A Mechanism for Value-Sensitive Decision-Making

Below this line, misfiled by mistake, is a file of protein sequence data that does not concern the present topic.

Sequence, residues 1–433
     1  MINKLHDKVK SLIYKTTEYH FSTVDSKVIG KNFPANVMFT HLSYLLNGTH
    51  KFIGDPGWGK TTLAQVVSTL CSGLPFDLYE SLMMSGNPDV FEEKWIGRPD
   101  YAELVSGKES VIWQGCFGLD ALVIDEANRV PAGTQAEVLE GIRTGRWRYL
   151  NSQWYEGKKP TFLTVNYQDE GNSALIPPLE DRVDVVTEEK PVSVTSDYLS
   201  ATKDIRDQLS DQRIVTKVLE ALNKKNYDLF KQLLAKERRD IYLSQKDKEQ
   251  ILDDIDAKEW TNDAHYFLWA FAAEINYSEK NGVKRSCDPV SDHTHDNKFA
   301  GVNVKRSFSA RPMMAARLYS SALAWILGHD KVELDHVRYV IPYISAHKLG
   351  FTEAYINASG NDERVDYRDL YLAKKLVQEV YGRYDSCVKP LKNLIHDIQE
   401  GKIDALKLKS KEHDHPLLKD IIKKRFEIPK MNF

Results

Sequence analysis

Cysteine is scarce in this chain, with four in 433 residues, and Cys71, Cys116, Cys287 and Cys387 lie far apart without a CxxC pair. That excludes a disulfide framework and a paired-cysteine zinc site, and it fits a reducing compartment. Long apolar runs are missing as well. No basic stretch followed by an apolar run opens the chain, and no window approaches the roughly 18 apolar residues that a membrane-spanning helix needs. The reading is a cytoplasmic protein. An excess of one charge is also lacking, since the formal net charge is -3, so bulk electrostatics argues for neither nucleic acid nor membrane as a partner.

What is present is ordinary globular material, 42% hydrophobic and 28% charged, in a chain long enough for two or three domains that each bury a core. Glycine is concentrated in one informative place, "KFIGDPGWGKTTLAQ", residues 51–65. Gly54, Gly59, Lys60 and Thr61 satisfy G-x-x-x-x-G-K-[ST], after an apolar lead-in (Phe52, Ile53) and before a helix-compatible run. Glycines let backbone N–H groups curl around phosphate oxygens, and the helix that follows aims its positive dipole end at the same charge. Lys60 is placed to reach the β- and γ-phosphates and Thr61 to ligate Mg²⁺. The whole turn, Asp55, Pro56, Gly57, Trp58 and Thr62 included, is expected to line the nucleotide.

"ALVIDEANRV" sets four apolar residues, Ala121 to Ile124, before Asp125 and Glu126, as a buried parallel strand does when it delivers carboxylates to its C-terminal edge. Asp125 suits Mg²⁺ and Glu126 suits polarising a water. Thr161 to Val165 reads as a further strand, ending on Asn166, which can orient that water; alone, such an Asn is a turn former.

(Left) Bifurcation set as a function of and , for fixed . This generalises the result of Figure 2, for which . The grey region corresponds to parameters where the decision dynamics have a single stable attractor (pre-bifurcation), whereas the white region corresponds to those having two stable attractors and one saddle node (post-bifurcation). Sample phase-portraits illustrate how the positions of these fixed points change according to and . Plots (a) and (b) illustrate the results of Figure 2, in which . Increasing moves the stable attractor towards the superior alternative in the pre-bifurcation case (see plot (c)), although it may still correspond to a population state in which threshold is reached for neither alternative; whereas increasing in the post-bifurcation case moves the saddle point towards the inferior alternative, thereby increasing the basin of attraction for the superior alternative (see plot (d)). Thus for a decision with given that is too low to precipitate a threshold decision, increasing precipitates a decision, in which the more valuable alternative is more likely to be selected. (Middle) The relationship between and the minimum required for a unique attractor for the best alternative depends on . (Right) The relationship between and the minimum required for a single alternative to unambiguously be considered the best converges on a linear relationship, with slope determined by . This is similar to Weber's law of just noticeable difference, observed in psychological studies, with determining the Weber coefficient.